There really is something quite dispiriting with the latest Sir Keir Starmer Covid speech. Yes, it's not a bad little speech, timed at 17 minutes. But, there is no audience. There's no mood and no atmosphere. And that's important, with a speech. And it's particularly important for a new Party Leader. Yes it was only in April last year that we covered his acceptance speech.
Sir Keir certainly manages to spoof the art of giving a speech to an audience. Yes, there's a lectern. There's a half-decent backdrop. There's a microphone. He's even got notes and a glass of water on the lectern. And then, in terms of his speaking, he's got all the necessary hand gestures. To an extent, he even looks animated. Because he Isn't rooted to the spot gazing at the camera. That's of course unlike many people on a zoom conference call.
So beyond the ludicrous staging for this Sir Keir Starmer Covid speech, how was it? Well, let's put the politics to one side. It wasn't bad, albeit we might well take issue with the reedy tone of his voice.
Rhetoric In This Keir Starmer Covid Speech
We heard a passable attempt at a phrase reversal, which is a very popular technique with a range of political speakers.
Even in the best of times, you can’t be indecisive in government. In the worst of times, indecision can be fatal.
We also heard some good use of repetition.
Every time there’s a big decision to make, Boris Johnson gets there too late.
He was too slow to lock down in March of last year.
Too slow to protect our care homes.
“Too slow to save jobs and businesses.
And too slow to get protective equipment to the front line.
And Sir Keir is also quite fond of word pairs. And why not? Because they were a favorite technique of the great communicator, Ronald Reagan and his speech writers such as Peggy Noonan.
As we start the new year, we need a new approach.
But, overall it was the pleading tone that grated in this virtual speech. Yes, it reminded us of Ed Miliband and his speaking style, such as this 2012 New Year speech.
Yes, there were one or two misspeaks. But that's not a problem. Most speeches have them and most speakers come across such situations when reading a script. Just think of Dr. Martin Luther King's "I have a Dream" speech or Tony Blair at the Labour Party conference in 2001. It happens.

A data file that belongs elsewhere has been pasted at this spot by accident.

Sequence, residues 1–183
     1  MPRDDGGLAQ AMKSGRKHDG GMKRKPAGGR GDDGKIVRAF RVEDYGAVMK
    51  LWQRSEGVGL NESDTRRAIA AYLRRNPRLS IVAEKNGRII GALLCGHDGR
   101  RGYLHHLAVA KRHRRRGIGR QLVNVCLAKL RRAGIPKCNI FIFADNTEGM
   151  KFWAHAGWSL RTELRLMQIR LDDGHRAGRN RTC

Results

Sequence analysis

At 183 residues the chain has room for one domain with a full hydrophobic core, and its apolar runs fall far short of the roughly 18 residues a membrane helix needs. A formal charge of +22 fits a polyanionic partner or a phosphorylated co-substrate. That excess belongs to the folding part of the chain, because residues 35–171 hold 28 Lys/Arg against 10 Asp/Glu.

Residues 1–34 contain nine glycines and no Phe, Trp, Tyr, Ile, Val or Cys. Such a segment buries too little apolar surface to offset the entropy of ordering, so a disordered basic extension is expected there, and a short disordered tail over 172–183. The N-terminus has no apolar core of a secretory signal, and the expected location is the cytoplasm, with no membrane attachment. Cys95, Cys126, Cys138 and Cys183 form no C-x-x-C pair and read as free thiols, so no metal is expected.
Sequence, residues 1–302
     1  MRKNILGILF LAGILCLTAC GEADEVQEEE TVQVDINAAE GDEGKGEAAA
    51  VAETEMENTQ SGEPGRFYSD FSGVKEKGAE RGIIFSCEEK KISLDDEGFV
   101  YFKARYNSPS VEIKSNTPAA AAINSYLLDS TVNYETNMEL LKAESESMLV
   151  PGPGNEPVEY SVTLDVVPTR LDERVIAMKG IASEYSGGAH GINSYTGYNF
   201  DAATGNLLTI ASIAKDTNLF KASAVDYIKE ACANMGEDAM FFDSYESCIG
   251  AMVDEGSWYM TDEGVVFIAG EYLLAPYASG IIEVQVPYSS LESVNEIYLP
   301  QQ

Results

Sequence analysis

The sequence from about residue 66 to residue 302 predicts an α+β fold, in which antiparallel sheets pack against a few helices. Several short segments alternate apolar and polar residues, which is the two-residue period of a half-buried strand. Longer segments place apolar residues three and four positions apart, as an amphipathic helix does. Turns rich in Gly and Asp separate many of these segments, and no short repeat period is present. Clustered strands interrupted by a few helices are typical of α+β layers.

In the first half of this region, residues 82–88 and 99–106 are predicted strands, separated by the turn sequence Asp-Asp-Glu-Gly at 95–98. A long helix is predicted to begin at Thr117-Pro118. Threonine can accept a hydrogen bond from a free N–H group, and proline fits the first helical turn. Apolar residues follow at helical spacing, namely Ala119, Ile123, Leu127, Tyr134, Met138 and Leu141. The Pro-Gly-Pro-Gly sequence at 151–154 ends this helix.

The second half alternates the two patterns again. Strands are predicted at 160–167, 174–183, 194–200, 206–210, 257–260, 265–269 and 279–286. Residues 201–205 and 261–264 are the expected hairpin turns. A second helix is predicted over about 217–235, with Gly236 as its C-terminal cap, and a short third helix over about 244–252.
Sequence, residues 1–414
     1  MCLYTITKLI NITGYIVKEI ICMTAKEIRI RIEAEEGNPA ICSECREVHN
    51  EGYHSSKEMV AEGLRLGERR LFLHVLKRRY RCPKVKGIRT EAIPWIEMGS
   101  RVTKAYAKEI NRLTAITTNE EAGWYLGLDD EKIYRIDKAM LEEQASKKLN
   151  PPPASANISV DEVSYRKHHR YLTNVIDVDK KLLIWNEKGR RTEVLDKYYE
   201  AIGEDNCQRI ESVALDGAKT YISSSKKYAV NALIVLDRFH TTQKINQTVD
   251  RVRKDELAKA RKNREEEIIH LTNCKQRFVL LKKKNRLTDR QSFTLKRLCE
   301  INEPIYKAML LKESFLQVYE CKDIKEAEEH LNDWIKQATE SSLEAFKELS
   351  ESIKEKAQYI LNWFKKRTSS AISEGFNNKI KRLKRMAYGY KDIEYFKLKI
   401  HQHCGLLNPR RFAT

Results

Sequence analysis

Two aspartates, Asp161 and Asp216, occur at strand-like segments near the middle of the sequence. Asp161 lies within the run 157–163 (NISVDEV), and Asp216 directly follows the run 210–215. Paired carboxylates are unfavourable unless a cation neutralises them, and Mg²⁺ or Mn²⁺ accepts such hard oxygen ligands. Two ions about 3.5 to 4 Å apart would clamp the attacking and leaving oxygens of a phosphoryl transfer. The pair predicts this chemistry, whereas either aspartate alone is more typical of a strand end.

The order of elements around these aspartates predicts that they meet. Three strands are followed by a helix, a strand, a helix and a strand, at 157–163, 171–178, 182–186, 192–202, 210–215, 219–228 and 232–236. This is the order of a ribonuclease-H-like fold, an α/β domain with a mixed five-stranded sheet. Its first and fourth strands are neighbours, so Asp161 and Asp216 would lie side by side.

We heard some use of metaphor. Perhaps not as much as we might have expected with a political speaker. But nonetheless, there it was. Certainly if you want revolutionary fervour in your speech metaphors then a Comrade Xi-Jinping speech is a good place to look.
There will be hard months ahead. But the seasons will turn.
A dark winter will give way to a brighter spring, and when it does, I know that together we can build a better future: a country worthy of the sacrifices of the British people.
He made good use of history within this speech, referring to the post-war Clement Attlee government, and all that came after it.
“Just as we did in 1945 when Attlee’s government built the welfare state from the rubble of war.
When you need some speaker inspiration for your next speech, history is typically a good place to look.
Questions And Answers
If there was one major challenge it was when he took questions at the end of his brief speech. His first questioner was, Laura Kuenssberg, from the BBC. She spoke on the adjacent screen. And then Sir Keir turned his back on his audience to face her image.
Now, we always recommend that when you answer a question, you address the questioner. But we certainly don't expect you to turn your back on your audience. So that was a problem for the production side of this particular speech. However, on the whole, despite this being a virtual Sir Keir Starmer Covid speech, it wasn't too much of a burden.
When you need public speaking tips in general or advice on how to handle audience questions after your speech, then you'll discover more that 100 top tips right here. Plus, when you are ready for more intensive training, we've got the right training courses for you.
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